Women who are or are intending to get pregnant have been urged to get their Covid jabs after ‘stark’ data showed 98% of expectant mums admitted to hospital and in intensive care were unvaccinated.
Professor Chris Whitty told a Downing Street press briefing the figures are ‘a major concern’ as he renewed a plea for anyone who has yet to take up the vaccine to do so.
England’s chief medical officer said academic data from February 1 to September 30 showed that 1,714 pregnant women were admitted to hospital with Covid-19, adding: ‘Of those, 1,681 – which is to say 98% – had not been vaccinated.
‘And if you go to those who are very severely ill in intensive care, of 235 women admitted to ICU, 232 of them – over 98% – had not been vaccinated.’
Prof Whitty went on: ‘These are preventable admissions to ICU and there have been deaths.
‘All the medical opinion is really clear that the benefits of vaccination far outweigh the risks in every area. This is a universal view among doctors and among the midwife advisory groups and among the scientific advisory groups.
‘So can I please encourage all women who are pregnant or wishing to become pregnant to get their vaccination.’
The latest Government figures show that a further 47 people had died within 28 days of testing positive for Covid-19, bringing the UK total to 142,945.
Separate figures published by the Office for National Statistics show there have been 167,000 deaths registered in the UK where Covid-19 was mentioned on the death certificate.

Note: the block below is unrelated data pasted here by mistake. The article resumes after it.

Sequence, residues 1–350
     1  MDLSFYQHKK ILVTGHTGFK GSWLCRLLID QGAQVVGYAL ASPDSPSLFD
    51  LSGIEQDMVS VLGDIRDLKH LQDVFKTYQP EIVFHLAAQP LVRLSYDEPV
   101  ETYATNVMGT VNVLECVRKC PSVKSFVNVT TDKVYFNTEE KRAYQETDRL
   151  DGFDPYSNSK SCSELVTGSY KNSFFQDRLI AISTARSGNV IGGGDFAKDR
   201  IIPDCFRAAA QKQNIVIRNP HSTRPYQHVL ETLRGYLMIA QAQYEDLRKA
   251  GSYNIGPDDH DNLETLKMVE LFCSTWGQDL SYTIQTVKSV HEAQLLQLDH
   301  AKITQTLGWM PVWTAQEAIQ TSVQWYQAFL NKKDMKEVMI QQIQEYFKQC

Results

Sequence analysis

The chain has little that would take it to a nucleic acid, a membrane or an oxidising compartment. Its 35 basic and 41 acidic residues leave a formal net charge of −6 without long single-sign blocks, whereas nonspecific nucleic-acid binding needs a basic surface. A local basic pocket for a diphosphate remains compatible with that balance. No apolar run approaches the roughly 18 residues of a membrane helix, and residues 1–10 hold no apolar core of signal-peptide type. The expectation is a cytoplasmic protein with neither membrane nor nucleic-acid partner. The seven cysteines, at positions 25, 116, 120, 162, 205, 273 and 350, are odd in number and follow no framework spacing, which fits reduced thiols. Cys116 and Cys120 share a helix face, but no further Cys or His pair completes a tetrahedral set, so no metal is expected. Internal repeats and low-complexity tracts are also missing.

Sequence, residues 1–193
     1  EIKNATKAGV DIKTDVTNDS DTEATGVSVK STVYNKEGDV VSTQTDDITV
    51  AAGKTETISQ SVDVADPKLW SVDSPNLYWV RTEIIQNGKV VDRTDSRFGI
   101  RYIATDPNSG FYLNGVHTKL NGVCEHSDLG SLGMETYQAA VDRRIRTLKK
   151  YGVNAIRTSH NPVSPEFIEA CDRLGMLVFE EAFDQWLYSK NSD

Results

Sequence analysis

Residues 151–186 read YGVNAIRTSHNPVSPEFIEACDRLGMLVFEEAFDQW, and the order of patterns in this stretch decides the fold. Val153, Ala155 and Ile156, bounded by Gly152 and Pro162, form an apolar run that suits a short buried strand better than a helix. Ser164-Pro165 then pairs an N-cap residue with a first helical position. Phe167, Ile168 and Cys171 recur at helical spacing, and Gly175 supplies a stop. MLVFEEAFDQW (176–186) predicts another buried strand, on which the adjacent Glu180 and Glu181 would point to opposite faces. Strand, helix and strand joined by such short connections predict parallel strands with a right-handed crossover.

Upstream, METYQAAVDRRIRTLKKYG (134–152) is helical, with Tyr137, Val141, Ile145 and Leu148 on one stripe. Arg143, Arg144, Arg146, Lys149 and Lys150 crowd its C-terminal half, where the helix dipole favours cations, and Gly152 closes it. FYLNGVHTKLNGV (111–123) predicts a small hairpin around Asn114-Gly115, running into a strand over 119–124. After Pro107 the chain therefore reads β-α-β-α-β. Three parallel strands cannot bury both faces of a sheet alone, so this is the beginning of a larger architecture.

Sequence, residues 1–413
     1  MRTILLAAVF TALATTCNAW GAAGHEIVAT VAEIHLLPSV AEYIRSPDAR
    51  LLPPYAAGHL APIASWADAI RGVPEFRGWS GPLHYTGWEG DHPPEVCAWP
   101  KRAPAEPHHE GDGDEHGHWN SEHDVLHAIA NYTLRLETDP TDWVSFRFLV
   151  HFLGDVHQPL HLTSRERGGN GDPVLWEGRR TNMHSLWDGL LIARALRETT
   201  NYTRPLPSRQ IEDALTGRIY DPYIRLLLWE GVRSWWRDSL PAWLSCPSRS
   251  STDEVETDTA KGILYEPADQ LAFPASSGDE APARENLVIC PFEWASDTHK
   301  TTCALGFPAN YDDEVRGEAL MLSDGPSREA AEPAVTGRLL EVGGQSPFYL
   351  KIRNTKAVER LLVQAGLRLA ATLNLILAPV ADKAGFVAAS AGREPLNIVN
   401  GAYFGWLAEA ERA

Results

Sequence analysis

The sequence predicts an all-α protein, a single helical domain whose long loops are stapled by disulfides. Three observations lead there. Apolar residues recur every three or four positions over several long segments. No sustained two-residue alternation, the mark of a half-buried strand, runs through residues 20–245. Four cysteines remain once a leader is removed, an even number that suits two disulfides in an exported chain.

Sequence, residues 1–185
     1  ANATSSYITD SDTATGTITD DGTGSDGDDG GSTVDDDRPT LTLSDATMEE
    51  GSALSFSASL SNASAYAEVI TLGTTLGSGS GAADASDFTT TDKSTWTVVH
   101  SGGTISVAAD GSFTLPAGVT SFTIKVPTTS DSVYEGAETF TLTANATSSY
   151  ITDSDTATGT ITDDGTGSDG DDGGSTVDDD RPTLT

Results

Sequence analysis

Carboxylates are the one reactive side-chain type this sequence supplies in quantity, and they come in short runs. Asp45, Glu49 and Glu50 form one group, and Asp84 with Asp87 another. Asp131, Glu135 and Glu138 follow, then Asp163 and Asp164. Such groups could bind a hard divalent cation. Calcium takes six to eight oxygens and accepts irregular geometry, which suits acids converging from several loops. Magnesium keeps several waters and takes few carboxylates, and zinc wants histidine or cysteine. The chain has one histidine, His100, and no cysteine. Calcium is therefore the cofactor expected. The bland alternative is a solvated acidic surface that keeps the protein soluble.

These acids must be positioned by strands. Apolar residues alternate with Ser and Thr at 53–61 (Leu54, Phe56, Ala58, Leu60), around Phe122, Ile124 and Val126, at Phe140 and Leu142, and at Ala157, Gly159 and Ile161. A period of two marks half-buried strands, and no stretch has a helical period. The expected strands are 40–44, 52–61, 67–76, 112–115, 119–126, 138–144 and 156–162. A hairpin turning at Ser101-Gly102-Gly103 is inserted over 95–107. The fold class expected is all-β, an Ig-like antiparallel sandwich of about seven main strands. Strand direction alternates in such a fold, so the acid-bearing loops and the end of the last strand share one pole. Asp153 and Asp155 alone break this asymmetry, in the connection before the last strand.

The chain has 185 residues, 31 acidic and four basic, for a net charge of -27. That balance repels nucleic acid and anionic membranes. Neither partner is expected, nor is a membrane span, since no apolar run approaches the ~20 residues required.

There have also been a further 39,705 lab-confirmed Covid-19 cases as of 9am on Monday.
It is the latest in a series of calls for pregnant women to get their jabs, with England’s chief midwife, Jacqueline Dunkley-Bent, Royal College of Obstetricians and Gynaecologists president Dr Edward Morris and Health Secretary Sajid Javid all having spoken out to encourage this group to take up the vaccine offer.
Last week, Professor Adam Finn, a member of the Joint Committee on Vaccination and Immunisation, told BBC News that unvaccinated pregnant women should not ‘defer the vaccination until after the pregnancy has ended but to get vaccinated while they are pregnant’.
His call came as the family of a woman who died before getting the chance to hold her new-born daughter made their own plea for people to get the jab.
Prof Finn told the BBC: ‘We now recognise that pregnant women are really at very substantially higher risk of getting seriously ill as compared to women of the same age who are not pregnant, and of course that increases the risk of premature delivery and the risks for the child.
‘So pregnant women wherever you are in your pregnancy, come forward, get vaccinated and protect yourself and your baby as soon as you can.
‘There are no described risks and very large numbers of pregnant women have now received these vaccines without any report of lost pregnancies or damage or injury to the foetus.
‘So far no evidence at all of any risks of the vaccine, but lots of evidence of real risk of the infection.’
Saiqa Parveen, 37, from Birmingham, was taken to hospital in September after contracting Covid-19 and her daughter was delivered by emergency caesarean section when she was eight months pregnant.
She died on November 1 before getting a chance to hold her new-born child.
Her brother, Qayoum Mughal, told the BBC: ‘I pray to everybody, please, get the vaccine. Save yourselves and your loved ones.’
The Royal College of Obstetricians and Gynaecologists (RCOG), previously said it was ‘vital’ pregnant women received both vaccines as well as the third dose booster vaccine if they are eligible for it.
Chief scientific adviser for the Department of Health and Social Care, Professor Lucy Chappell, told BBC News: ‘Of women, over 98% unvaccinated with Covid-19 in hospital.
‘Never too late in pregnancy to get vaccinated or have conversation with midwife or GP or obstetrician and we can reduce number of people in hospital and intensive care.
‘Overwhelming data on safety on vaccines is very positive.’
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